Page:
Solar Storms in the Middle Ages

Scientists studying ice-cores extracted from Greenland and Antarctica have found further evidence of two very powerful solar storms that took place in 774 and 993 AD. In 2012, researchers found traces of a rapid increase of radioactive carbon in tree rings in Japanese cedar, precisely dated to AD 774-775. It's the same year that, according to a text in an ancient Anglo-Saxon chronicle, a "red crucifix" appeared in the heavens after a sunset.

Spikes in the amounts of radioactive elements like chlorine-36, beryllium-10, and carbon-14 were later found all over the world, including in ice-cores drilled in Greenland and Antarctica. Those ice-cores provide scientists with an abundance of exact information about the composition of the atmosphere going back hundreds of thousands of years. The spikes in radioactive isotopes point to two huge events in the years 774 and 993, and are created by high-energy protons slamming into our air, which means the source must have been from space.

Whatever this source was, it must have been extremely violent to create that many particles. One possible candidate was that the Earth got caught in the beam from a gamma-ray burst (GRB), the incredibly powerful demise of a very high mass star. However, GRB impacts don’t usually create beryllium-10 due to the detailed physics of GRB's, and moreover, they’re very rare events so having two happen in 220 years is rather unlikely.

Now researchers led by geologist Raimund Muscheler of Lund University in Sweden say they have solved the mystery of both the 774-775 AD event as well as the one in 993-994 AD. In addition to carbon-14, they have linked beryllium-10 to both events, firmly establishing them as solar flares.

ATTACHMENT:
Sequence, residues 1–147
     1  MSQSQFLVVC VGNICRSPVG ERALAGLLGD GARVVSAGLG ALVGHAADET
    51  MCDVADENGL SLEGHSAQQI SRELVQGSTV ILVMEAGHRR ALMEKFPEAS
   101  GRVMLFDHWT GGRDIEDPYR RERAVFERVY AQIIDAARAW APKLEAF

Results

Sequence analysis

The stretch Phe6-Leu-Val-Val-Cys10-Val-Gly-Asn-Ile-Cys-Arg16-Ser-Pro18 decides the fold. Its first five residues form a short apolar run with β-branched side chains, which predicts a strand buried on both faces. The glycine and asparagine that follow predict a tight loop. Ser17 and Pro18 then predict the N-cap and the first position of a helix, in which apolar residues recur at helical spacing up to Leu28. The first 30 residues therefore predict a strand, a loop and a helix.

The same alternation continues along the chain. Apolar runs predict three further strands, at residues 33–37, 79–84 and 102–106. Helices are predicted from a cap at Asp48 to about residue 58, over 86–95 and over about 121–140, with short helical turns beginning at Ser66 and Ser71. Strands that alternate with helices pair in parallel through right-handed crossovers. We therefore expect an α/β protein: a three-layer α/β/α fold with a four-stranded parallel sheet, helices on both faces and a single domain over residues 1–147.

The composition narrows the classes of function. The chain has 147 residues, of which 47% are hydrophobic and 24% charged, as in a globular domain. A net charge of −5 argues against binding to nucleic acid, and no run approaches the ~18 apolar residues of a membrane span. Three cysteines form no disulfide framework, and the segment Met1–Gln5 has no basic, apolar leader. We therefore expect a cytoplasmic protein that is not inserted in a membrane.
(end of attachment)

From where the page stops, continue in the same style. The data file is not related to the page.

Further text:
Large solar flares can cause coronal mass ejections and subsequently a solar storm that may reach Earth in a few days. The charged particles cause beautiful auroras but are also capable of disturbing Earth's magnetic field, causing a geomagnetic storm that, when powerful enough, induces currents in conductors on the ground. In 1859, numerous sunspots were observed on the Sun causing auroras which were visible even in places like Cuba or Italy, in what became known as the Carrington event. Telegraph wires in both the United States and Europe experienced voltage increases, in some cases even delivering shocks to telegraph operators and igniting fires.

Since then, less severe storms have occurred, notably the aurora of 1882 and the 1921 geomagnetic storm, both of which disrupted telegraph services and initiated fires, and of 1960, when widespread radio disruption was reported. The March 1989 geomagnetic storm caused auroras as far south as Texas, and knocked out huge transformers in North America as well as the Québec power grid. In 2012 the Sun blew out a flare similar to the one in 1859, but happily for us it was sent off in another direction, and missed the Earth.

It can now be concluded that powerful solar storms like the ones in 774 and 993, which were several times stronger than the Carrington event, may be more common than previously thought. In 2013, Lloyd's of London and the Atmospheric and Environmental Research Center estimated that the duration of power outages during a Carrington-like event today could last five months or longer and cause economic costs of up to 2 trillion dollar. Moreover, were an event the magnitude of the 774/ 993 solar storms to occur today, it could destroy satellites and means of communication and subject astronauts to potentially lethal doses of radiation.

While there’s not much we can do to prevent a surge of powerful solar radiation from striking Earth, there are steps that we can take to mitigate the damage. The first step is predicting when one might hit, as it takes at least 12 to 15 hour before it strikes Earth. For this specific purpose the NOAA Space Weather Prediction Centre is constantly monitoring the Sun. ESA is working with scientists across 14 European countries on developing a warning network as well.

Recently, the White House’s National Science and Technology Council has released a National Space Weather Action Plan, in which it warns that with electrical systems becoming increasingly interconnected, if one were to be knocked out, it could cause a cascade of system failures. It recommends a federally-coordinated approach to a number of procedures, from reducing the vulnerability of those infrastructures deemed most at risk, to increasing forecasting and communications abilities.
(November 2016)